Over the Christmas break, I read the novel Room.
If you’ve heard about Room in the press, or happened across some “best of” lists with brief reviews, you can probably understand why a few of my friends questioned the wisdom of diving into this new work by Emma Donoghue—especially during the “most wonderful time of the year.”
On the surface, the book sounds dark and depressing; obviously, Donoghue had to go to a dark place to write this. But our world is full of darkness, and one job of art is to illuminate this darkness in order to discover what it might say about our world and the human condition.
Five-year-old Jack is the protagonist, hero and narrator of the tale. The reader discovers very early that this intelligent and imaginative young boy is confined to a small room along with his mother, Ma. In fact, Jack was born in this 12-foot-square room, and he has never seen the outside world, since the only “window” is a high skylight. Ma has made a decision to make Jack’s whole world this room, telling him the people, animals and things he sees on television or reads about in books are not real—they’re just “pretend” things. Other than Ma and himself, the only other real things are Old Nick, the sinister man who occasionally visits in the night, and the food and other items Old Nick brings into the room.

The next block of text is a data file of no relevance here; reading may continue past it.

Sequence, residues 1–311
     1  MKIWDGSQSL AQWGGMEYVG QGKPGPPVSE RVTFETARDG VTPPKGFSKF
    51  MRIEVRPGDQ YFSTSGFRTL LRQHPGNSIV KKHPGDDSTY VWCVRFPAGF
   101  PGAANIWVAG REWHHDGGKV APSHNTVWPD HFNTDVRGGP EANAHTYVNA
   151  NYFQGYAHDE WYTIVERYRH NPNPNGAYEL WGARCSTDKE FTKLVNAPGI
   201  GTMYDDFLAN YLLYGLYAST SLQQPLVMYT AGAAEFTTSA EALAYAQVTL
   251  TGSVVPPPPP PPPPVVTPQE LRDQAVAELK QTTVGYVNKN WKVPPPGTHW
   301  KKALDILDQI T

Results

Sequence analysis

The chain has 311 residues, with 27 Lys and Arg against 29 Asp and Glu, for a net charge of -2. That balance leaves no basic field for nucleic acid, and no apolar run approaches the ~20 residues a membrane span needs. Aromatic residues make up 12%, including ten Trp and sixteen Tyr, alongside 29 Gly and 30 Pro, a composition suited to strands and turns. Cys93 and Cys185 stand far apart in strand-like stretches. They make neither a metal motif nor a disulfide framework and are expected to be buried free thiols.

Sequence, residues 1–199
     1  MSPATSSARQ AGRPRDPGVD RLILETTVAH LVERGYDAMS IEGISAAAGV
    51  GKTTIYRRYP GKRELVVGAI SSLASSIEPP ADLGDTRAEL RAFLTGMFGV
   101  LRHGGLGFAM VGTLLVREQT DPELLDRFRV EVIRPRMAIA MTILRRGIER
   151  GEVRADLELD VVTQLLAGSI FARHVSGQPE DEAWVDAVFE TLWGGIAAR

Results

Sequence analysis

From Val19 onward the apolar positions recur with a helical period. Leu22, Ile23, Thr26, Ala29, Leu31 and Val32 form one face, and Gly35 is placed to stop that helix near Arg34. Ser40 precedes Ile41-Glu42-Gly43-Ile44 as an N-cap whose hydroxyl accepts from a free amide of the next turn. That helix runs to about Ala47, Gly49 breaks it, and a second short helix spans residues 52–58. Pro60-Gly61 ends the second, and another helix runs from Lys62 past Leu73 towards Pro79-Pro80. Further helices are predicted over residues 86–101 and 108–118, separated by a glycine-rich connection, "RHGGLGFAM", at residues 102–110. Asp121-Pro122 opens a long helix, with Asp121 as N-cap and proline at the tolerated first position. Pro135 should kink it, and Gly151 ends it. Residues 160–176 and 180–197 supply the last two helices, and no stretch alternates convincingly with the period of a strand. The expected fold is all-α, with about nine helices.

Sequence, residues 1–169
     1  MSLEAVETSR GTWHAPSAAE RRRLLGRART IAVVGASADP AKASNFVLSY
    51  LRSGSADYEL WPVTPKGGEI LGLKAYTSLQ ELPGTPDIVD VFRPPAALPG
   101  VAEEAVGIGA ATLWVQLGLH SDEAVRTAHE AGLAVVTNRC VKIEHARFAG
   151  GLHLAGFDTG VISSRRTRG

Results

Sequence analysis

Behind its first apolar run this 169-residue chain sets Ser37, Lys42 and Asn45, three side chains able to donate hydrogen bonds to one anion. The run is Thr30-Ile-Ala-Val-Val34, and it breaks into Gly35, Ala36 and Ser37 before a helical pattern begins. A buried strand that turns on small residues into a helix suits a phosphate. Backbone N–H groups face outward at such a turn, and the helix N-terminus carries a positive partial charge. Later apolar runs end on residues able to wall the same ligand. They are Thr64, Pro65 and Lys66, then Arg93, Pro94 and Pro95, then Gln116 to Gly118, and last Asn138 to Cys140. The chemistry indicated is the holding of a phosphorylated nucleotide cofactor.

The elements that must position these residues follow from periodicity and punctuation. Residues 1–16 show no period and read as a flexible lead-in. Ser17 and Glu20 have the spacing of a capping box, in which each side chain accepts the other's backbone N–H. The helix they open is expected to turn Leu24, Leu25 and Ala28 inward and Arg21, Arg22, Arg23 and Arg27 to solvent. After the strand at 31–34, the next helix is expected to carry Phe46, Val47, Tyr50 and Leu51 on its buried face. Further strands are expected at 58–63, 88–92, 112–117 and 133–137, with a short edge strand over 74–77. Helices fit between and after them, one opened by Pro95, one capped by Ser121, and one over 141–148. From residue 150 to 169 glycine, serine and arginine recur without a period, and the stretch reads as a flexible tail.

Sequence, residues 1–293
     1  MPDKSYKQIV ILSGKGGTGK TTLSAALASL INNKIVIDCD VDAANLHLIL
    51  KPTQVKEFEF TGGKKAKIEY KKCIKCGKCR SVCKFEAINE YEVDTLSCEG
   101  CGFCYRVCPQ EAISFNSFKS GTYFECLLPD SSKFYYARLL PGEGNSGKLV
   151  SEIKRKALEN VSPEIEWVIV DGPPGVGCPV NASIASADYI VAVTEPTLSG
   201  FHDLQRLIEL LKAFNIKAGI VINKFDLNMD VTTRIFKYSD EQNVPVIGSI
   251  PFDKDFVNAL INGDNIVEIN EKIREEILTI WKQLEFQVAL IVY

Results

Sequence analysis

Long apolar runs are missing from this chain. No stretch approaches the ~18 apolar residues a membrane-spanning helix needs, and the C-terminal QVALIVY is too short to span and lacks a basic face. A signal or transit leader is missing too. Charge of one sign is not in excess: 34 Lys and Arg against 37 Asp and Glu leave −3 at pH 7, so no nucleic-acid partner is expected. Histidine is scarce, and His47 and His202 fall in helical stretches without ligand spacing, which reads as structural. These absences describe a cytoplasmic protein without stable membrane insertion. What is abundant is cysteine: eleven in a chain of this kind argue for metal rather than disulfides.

When Jack makes a discovery soon after his fifth birthday, Ma decides to tell Jack the truth about their predicament, the truth about this fortified prison, and the truth about the outside world—truths Jack finds hard to believe. She also solicits Jack’s help in a do-or-die plan of escape, for Old Nick is suffering from the recession. He’s lost his job and is having trouble paying bills. Ma knows she and her son will never be left to live if Old Nick’s home reaches foreclosure.
I won’t give any other particulars away—there’s so much more to discover in this book—but I will tell you that Room is ultimately a life-affirming work. It’s a celebration of the love between mother and child, and a celebration of the resiliency of the human spirit—especially the spirit of a child who has been given the love, support, and nourishment every child needs.
While there are many tears in Room, this can be a funny book at times, and it is often a wise one. Jack’s observations of his world can make the reader chuckle, but they can also be oddly revealing, casting a new view on this tired and cruel old world.
If you decide to tackle Donoghue’s amazing book, know that Jack and Ma may linger with you long after you shut the door on this room.
A library for Ma and Jack by Emma Donoghue.
After you’ve read the book, visit What Jack Didn’t Know by Wendy Smith.
Room is packed with themes about parent/child relationships, child development, the concept of home, and so much more. It’s ideal for a book club discussion.